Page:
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particularly a businessman like Gaw who may not, by any stretch of the imagination, be considered to a tyro in these matter. Had he given even an iota's attention and care to scrutinize the subject contract, he would not have failed to detect that some provisions thereof contravene the terms and conditions of his exclusive dealership agreement with PWCC. While in a sense the marketing agreement between Gaw and Tan is related to the original dealership agreement between the former and PWCC, as the term of the former is co-terminous with that latter, we cannot subscribe to petitioner's contention that the marketing agreement was "an attempted novation" of the dealership agreement. 31 Arguing that "Tan intended to step into the shoes of petitioner Gaw as debtor of Prime White in respect to the additional deposit of P250,000.00," Gaw cites Article 1293 of the Civil Code which provides that '(n)ovation which consists in substituting a new debtor in the place of the original one may even without the knowledge or against the will of the latter, but not without the consent of the creditor." Yet Gaw fails to prove that PWCC, the creditor, knew all about the so-called substitution. It is axiomatic that novation is never presumed. It must be explicitly stated in the contract and there must be a manifest incompatibility between the old and the new obligation in every aspect. 32 The fact that the two agreements are co-terminous with each other does not imply that a new obligation had arisen when the marketing agreement was signed, thus displacing the dealership contract. Not only was Gaw not released from complying with the terms and conditions of the dealership agreement but he was, in a sense, already implementing the latter. Gaw's claim for damages, therefore, had no basis in fact and in law. In the first place, as discussed above, he is partly to blame for the non implementation of the marketing agreement. Secondly, the claim for actual damages allegedly resulting from unrealized profits out of his agreement with Mandee Commercial appears to have been caused by factors other than the issuance of the restraining order in Civil Case No. Q-27079. The records disclose that he entered into an agreement with Mandee Commercial on March 9, 1979, three days before he received a copy of the restraining order on March 12, 1979. Paragraph 14 of the complaint itself in Civil Case No. Q-28799, reveals that Mandee Commercial refused to honor the agreement with Gaw because "the price of building materials have gone so high that there are now very much less constructions than before and the need for white cement is limited." 33 Granting arguendo that the failure of Gaw's agreement with Mandee Commercial was indeed the offshoot of the issuance of the restraining order in Civil Case No. Q-27079, Gaw may not successfully claim damages in the absence of proof that Tan maliciously filed Civil Case No. Q-27079 and that said case was without probable cause. As correctly enunciated by the appellate Court, the ruling in Aquino v. Socorro applies in this case. The appropriate remedy would have been for Gaw to hold Tan responsible on the bond that should have been required of him in Civil Case No. 27079. However, since he did not opt for said remedy, in filing the instant case, Gaw is duty-bound to prove malicious prosecution on the part of Tan and lack of probable cause in prosecuting his claim. Tan may not be penalized for resorting to court action in an attempt to implement the marketing agreement. He was within his rights in so doing, and if indeed damage was incurred by Gaw, it is simply damnum absque injuria. 34 We disagree, however, with the appellate court's award of P100,000.00 representing the reasonable actual damages suffered by Tan in the form of unrealized profits. Art 2201 of the Civil code entitles a person to recover all damages which may be attributed to the non performance of an obligation, but the person claiming the same must prove his case. He must muster the best evidence he can and if so warranted, he might, with reasonable certainty, have been entitled to recover such damages. 35 Tan, in attempting to justify his claim to the alleged unearned profits, had trenched into the realm of what is speculative. He even failed to present evidence on the average actual profits earned by his business and other indicia of profitability.

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WHEREFORE, the decision of the then Intermediate Appellate Court is hereby AFFIRMED, subject to the MODIFICATION that the award of P100,000.00 representing the actual damages suffered by private respondent Uy Diet Tan in the form of unrealized profits be DELETED. SO ORDERED. Feliciano, Davide, Jr. and Melo, JJ., concur. Gutierrez, Jr., J., On terminal leave. Bidin, J., No part. I was ponente of IAC decision under review. Footnotes 1. Penned by Associate Justice Abdulwahid A. Bidin and concurred in by Associate Justices Porfirio V. Sison and Marcelino R. Veloso. The petitioner is represented here by Atty. Ireneo R. Clapano, Jr. and Atty's. Eleazar B. Reyes, Sabino E. Acut, Jr., Loreto C. Ata and Louise Y. Gochan of the PECABAR Law Office while the private respondent is represented by Atty. Ambrosio Padilla of the Ambrosio Padilla, Mempin & Reyes Law Offices. 2. Penned by Judge Jose P. Castro. 3. Record on Appeal, pp. 8-14. 4. Record on Appeal, pp. 16-21. 5. Ibid, p. 22. 6. Record on Appeal, pp. 23-24. 7. Ibid, p. 96. 8. Record on Appeal, pp. 25-32. 9. Record on Appeal, p. 36. 10. Ibid, p. 52. 11. Ibid, p. 53. 12. Record on Appeal, pp. 2-7. 13. Ibid, p. 100. 14. Record on Appeal, p. 101. 15. Ibid, p. 143. 16. L-23868, October 22, 1970, 35 SCRA 373, 379.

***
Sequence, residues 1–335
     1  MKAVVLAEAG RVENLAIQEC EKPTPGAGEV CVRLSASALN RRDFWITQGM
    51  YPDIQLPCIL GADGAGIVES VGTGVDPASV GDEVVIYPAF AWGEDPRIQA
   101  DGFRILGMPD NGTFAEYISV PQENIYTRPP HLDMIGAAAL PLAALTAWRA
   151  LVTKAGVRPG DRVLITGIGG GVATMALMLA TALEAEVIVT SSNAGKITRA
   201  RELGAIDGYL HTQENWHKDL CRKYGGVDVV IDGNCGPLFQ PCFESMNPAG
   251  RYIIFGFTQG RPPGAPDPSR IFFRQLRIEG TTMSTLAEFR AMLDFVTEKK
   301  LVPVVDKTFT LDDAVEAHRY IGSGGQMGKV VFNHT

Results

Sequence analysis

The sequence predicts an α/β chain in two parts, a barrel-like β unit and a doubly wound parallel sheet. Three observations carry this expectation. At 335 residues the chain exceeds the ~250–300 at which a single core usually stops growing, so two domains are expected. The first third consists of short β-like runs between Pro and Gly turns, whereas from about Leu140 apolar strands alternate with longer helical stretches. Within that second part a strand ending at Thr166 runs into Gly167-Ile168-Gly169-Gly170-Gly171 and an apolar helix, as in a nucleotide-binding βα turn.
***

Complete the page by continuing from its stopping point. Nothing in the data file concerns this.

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17. Rollo, p. 48. 18. Petition, p. 12; Rollo,, p. 16. 19. Morales v. Court of Appeals, G.R. No. 91003, May 23, 1991, 197 SCRA 391, 401. 20. Navarra v. Court of Appeals, G.R. No. 86237, December 17, 1991, 204 SCRA 850, 855. 21. Morales v. Court of Appeals (supra at p. 401) enumerates these exceptions as: (a) when the conclusion is a finding grounded entirely on speculation, surmises or conjectures; (b) when the inference made is manifestly absurd, mistaken or impossible; (c) when there is grave abuse discretion in the appreciation of facts; (d) when the judgment is premised on a misapprehension of facts; (e) when the findings of fact are conflicting; and (f) when the Court of Appeals, in making its findings, went beyond the issues of the case and the same is contrary to the admissions of both appellant and appellee. 22. Co v. Court of Appeals, G.R. No. 86597 and Lio v. Court of Appeals, G.R. No. 86614, January 23, 1991, 193 SCRA 198, 206. 23. Record of Appeal, pp. 95-98. 24. IAC Decision, pp. 7-8; Rollo, pp. 44-45. 25. Memorandum for Petitioner, 33-34. 26. Petitioner's Memorandum, p. 22. 27. Ibid, pp. 18 & 30. 28. See: Policarpio v. Court of Appeals, G.R. No. 94563,, March 5, 1991, 194 SCRA 729. 29. Pe v. Court of Appeals, G.R. No. 74781, March 13, 1991, 195 SCRA 137. 30. Fermin v. Court of Appeals, G.R. 95146, May 6, 1991, 196 SCRA 723. 31. Petitioner's Memorandum, p. 20. 32. Young v. Court of Appeals, G.R. No. 83271, May 8, 1991, 196 SCRA 795. 33. Record on Appeal, p. 6. 34. Saba v. Court of Appeals,, G.R. No. 77950, August 24, 1990, 189 SCRA 50. 35. G.A. Machineries, Inc. v. Yaptinchay, L-30965, November 29, 1983, 126 SCRA 78 citing Cerrano v. Tan Chuco, 38 Phil. 392 [19] and Central Bank of the Philippines v. Court of Appeals, L-33022, April 22, 1975, 63 SCRA 431, 457.